The subtle difference from the “normal” requirements gathering process here is that, rather than asking what the customer wants, you are looking at the customer experience you want to create and then trying to figure out how available technology can realise that experience. In retrospect, we can all see why a device like the iPad is so useful (movies and books on the go, a cloud enabled device that lets you move data between it and other devices, mobile web on a screen you can actually read etc, etc). Chances are however that it would have been very difficult to elicit a set of requirements from someone that would have ended up with such a device.

Jobs goes on to say “you can’t start with the technology and try to figure out where you’re going to try and sell it”. In many ways this is a restatement of the well known “golden hammer” anti-pattern (to a man with a hammer, everything appears as a nail) from software development, the misapplication of a favored technology, tool or concept in solving a problem.

Whilst all this is true and would seem to make sense, at least as far as Apple is concerned, there is still another subtlety at play when building truly successful products that people didn’t know they wanted. As an illustration of this consider another, slightly more infamous Apple product, the Newton Message Pad.

In many ways the Newton was an early version of the iPad or iPhone (see above for the two side by side), some 25 years ahead of its time. One of its goals was to “reinvent personal computing”. There were many reasons why the Newton did not succeed (including it’s large, clunky size and poor handwriting recognition system) however one of them must surely have been that the device was just too far ahead of the technology available at the time in terms of processing power, memory, battery life and display technology. Sometimes ideas can be really great but the technology is just not there to support them.So, whilst Jobs is right in saying you cannot start with the technology then decide how to sell it equally you cannot start with an idea if the technology is not there to support it, as was the case with the Newton. So what does this mean for architects?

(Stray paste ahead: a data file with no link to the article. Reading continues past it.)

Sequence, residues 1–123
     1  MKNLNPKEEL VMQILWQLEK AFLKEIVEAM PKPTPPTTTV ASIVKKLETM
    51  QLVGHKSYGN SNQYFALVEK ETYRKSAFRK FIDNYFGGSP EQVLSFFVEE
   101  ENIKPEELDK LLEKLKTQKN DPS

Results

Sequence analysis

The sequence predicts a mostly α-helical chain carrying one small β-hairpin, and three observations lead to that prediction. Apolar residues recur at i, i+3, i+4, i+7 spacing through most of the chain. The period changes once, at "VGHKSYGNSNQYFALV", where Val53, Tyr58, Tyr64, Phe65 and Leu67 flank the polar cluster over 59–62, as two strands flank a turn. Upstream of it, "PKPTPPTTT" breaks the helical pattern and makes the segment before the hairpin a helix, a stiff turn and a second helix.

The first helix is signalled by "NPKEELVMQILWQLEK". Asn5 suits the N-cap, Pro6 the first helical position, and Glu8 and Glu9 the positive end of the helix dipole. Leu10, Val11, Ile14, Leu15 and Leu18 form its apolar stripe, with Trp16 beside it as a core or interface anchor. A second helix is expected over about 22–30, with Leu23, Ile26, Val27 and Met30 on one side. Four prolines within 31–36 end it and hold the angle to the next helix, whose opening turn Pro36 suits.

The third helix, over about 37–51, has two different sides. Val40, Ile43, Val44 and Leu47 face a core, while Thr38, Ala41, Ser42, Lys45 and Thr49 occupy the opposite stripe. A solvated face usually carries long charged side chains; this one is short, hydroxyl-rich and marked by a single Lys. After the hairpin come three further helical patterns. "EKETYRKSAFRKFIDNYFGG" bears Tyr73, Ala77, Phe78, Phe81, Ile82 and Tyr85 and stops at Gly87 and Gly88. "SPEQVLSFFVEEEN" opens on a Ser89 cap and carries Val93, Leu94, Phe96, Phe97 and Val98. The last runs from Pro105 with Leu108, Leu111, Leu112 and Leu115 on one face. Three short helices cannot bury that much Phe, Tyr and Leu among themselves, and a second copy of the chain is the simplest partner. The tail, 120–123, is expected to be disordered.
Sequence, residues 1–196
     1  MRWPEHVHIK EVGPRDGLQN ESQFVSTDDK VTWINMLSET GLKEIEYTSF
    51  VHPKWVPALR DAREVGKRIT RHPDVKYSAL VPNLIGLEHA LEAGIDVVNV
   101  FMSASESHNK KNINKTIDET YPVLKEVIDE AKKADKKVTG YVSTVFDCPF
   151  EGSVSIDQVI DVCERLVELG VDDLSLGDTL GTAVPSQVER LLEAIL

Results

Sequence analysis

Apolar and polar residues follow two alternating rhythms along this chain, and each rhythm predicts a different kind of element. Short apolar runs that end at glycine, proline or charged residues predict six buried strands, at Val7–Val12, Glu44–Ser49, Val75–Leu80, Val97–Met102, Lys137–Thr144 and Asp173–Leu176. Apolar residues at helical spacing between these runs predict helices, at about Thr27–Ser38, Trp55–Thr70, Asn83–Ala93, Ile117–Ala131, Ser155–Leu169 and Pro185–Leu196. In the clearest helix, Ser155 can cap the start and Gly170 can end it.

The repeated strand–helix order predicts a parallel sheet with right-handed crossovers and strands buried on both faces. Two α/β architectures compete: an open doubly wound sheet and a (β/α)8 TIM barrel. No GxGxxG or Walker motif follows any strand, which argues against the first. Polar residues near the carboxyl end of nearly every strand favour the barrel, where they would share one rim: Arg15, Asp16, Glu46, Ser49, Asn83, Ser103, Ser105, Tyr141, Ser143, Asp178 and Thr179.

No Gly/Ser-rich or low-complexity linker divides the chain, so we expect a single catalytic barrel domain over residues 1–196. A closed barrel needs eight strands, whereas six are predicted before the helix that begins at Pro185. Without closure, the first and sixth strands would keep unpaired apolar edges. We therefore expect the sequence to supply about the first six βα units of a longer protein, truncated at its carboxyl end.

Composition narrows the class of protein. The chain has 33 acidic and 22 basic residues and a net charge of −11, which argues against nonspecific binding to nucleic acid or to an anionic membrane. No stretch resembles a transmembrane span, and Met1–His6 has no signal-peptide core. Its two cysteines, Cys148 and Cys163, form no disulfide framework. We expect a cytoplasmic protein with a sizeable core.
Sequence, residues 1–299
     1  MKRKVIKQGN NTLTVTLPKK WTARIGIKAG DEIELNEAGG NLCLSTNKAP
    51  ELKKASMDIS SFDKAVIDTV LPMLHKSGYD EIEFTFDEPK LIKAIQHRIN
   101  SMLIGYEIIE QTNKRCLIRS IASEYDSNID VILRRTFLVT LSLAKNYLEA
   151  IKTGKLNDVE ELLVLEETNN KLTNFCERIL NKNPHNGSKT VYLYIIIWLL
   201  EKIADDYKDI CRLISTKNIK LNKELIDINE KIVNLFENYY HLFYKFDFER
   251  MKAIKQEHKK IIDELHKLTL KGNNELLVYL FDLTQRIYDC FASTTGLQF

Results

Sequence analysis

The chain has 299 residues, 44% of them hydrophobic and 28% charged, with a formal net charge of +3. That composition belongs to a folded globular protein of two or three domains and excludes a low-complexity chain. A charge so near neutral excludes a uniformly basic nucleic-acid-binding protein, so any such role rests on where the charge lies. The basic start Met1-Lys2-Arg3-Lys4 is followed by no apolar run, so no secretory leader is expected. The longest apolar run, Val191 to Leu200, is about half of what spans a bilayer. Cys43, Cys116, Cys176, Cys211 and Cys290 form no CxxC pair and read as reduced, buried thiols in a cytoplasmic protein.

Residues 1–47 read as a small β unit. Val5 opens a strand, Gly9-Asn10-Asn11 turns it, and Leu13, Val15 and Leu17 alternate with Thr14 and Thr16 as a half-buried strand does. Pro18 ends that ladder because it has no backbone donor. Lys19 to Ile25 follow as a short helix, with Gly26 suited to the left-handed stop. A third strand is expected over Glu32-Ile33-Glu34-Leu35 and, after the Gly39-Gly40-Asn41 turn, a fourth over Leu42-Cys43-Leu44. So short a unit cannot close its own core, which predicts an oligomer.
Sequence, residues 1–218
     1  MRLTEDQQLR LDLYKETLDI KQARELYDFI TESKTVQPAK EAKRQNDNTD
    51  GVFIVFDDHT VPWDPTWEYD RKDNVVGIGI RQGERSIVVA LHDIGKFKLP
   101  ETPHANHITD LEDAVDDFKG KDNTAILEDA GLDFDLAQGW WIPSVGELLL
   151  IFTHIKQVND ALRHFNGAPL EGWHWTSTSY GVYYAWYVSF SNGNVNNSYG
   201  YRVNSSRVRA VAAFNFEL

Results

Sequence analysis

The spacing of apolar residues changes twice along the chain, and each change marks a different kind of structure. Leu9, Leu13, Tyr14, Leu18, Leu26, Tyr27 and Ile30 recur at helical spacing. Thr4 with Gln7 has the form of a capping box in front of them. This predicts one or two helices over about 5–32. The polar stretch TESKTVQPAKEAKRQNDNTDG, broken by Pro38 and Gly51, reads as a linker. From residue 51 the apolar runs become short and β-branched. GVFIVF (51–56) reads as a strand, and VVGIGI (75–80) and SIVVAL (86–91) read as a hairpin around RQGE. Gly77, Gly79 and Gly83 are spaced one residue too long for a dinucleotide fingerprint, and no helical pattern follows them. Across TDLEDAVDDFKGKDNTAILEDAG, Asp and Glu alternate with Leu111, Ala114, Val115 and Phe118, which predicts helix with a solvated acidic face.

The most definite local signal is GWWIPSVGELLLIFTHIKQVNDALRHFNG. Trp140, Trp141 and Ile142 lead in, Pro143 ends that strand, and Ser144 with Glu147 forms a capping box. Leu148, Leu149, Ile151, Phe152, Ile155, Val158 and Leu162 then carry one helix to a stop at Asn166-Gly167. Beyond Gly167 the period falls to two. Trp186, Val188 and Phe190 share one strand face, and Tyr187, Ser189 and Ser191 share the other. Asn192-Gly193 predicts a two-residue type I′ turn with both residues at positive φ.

A good understanding of technology, how it works and how it can be used to solve business problems is, of course, a key skill of any architect however, equally important is an understanding of what is not possible with current technology. It is sometimes too easy to be seduced by technology and to overstate what it is capable of. Looking out for this, especially when there may be pressure on to close a sale, is something we must all do and be forceful in calling it out when we think something is not possible.